A suicide bomber penetrated a foreign Army base in Afghanistan and killed seven CIA employees on Wednesday, one of the US agency’s largest death tolls, while four Canadian troops and a journalist died in a separate attack.
The suicide attack was one of the most ambitious of the war, highlighting the insurgency’s reach and coordination at a time when violence has reached its highest levels since the overthrow of the Taliban regime by US-backed Afghan forces in 2001.
The Taliban claimed the attacker as a sympathizer from the Afghan Army who detonated a vest of explosives at a meeting with CIA workers. A spokesman for NATO-led forces in Afghanistan said Afghan security forces were working on the base.
A US official, speaking on condition of anonymity, said seven CIA employees and one Afghan had been killed in the attack. Officials had initially said eight CIA employees were killed.
"This deadly attack was carried out by a valorous Afghan Army member," Taliban spokesman Zabihullah Mujahid told Reuters.
But if the bomber does prove to be from the Army, it would mark the second deadly attack in three days on foreign troops and officials by the soldiers they are meant to be mentoring.
A string of such killings have cast a shadow over Western plans to bolster the Afghan Army and police to allow them to eventually bring their own troops back home.
President Barack Obama is sending 30,000 extra troops to tackle the violence and NATO allies are contributing thousands more, but Obama has also said he hopes to start scaling back by 2011. An Afghan Army official said on Wednesday that Washington had pledged $16 billion to train the Army and Air Force.
US officials said the dead Americans were CIA employees but declined to comment on the attacker’s nationality or status.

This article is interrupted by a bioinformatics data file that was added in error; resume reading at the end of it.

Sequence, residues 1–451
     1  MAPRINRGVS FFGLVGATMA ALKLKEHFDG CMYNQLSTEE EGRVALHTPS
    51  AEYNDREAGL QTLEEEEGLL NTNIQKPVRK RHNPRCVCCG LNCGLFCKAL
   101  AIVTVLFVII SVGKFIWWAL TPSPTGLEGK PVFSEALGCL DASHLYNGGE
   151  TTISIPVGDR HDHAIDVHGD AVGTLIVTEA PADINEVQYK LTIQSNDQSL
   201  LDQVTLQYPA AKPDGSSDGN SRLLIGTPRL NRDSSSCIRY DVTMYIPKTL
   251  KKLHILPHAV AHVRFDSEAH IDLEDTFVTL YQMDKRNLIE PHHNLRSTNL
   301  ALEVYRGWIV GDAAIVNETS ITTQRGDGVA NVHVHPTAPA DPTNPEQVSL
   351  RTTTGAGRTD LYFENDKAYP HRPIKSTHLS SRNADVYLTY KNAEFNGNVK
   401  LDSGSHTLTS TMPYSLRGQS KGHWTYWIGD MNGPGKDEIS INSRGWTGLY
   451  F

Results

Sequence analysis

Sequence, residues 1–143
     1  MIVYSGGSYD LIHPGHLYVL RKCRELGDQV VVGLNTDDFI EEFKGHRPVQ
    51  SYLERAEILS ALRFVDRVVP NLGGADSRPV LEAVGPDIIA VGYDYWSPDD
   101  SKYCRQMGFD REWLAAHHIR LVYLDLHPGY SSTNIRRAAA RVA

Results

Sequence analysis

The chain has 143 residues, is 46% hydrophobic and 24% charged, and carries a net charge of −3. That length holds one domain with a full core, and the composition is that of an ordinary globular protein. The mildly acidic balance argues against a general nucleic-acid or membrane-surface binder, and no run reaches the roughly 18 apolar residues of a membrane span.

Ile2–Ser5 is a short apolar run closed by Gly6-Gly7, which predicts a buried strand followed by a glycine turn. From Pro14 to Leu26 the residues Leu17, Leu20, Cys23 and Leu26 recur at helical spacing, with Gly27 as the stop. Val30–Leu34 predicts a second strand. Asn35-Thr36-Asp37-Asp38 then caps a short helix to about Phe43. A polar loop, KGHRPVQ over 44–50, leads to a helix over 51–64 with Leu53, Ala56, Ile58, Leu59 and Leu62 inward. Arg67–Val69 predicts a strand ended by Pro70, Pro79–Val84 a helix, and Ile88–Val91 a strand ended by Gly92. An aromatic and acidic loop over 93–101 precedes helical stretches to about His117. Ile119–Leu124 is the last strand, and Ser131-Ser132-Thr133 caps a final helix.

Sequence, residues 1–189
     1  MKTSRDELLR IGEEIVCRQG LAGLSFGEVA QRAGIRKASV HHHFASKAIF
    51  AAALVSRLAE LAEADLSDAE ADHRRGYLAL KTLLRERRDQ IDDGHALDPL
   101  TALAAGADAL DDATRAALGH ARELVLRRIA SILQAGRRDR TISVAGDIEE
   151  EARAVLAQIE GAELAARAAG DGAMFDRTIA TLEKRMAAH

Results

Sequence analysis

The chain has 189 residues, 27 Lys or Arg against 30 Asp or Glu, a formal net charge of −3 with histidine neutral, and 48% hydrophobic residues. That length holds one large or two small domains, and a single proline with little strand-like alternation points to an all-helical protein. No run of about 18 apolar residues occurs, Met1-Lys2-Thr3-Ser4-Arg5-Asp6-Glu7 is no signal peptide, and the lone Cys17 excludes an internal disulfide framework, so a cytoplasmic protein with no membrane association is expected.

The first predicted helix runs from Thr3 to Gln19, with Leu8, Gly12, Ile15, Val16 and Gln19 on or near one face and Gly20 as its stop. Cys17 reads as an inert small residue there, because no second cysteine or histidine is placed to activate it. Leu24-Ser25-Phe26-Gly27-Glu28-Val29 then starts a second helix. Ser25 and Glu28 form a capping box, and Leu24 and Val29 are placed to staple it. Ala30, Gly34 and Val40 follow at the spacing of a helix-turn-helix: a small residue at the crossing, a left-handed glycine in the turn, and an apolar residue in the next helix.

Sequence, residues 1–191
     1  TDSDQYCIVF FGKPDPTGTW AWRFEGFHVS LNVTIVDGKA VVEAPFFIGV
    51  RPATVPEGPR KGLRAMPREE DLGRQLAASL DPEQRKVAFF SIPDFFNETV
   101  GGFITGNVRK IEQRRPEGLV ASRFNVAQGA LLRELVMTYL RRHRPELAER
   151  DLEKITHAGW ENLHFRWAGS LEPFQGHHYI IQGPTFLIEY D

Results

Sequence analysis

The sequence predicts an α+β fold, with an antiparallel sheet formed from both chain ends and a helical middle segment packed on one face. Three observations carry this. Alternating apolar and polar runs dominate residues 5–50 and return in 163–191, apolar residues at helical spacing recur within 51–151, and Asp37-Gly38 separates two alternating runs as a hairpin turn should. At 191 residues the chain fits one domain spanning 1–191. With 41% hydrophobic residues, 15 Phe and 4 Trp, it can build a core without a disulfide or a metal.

The CIA has been expanding its presence in the country, stepping up strikes against Taliban and Al Qaeda militants along the border between Afghanistan and Pakistan, although its role has been criticized by rights groups and Afghans.
The site of the suicide attack is near the Pakistan border, in one of the areas where the Taliban insurgency is strongest. Security in the region was stepped up on Thursday.
The blast, about 4 km (2.5 miles) outside Kandahar, struck the patrol as it was visiting community reconstruction projects.
Washington has pledged a "civilian surge," adding hundreds of US experts to support work on development projects that aim to undermine support for the Taliban and other insurgents.
But foreign aid agencies warned earlier this year that the shift into the military bases, and the use of military personnel to carry out development projects, risked a dangerous blurring of the boundaries between troops and civilians.
She is the third journalist to die in Afghanistan this year.
Two French journalists were also kidnapped by insurgents on Wednesday, when travelling in an area northeast of the capital with a driver and translator, a police official said. Media sources in Paris said they were working for French television.
In another incident, a number of civilians were killed by a foreign forces’ air strike in southern Helmand province on Wednesday, Daoud Ahmadi, the provincial governor’s spokesman, said. He did not know how many had died but said an investigation had begun. NATO-led forces declined to make an immediate comment.
The incident is the second report of civilian casualties at the hands of foreign forces in under a week, and has heightened tensions between the Afghan government and foreign troops.
Afghan and United Nations officials say foreign troops killed at least eight civilians, mostly teenagers, in a raid in eastern Afghanistan on Saturday, sparking protests around the country.
The NATO-led force said it was questioning the claims of civilian casualties and maintains they were insurgents. It has called for a joint investigation with Afghan authorities.
The news of more casualties came on Thursday as hundreds of people protested in Kunar, where Saturday’s raid took place.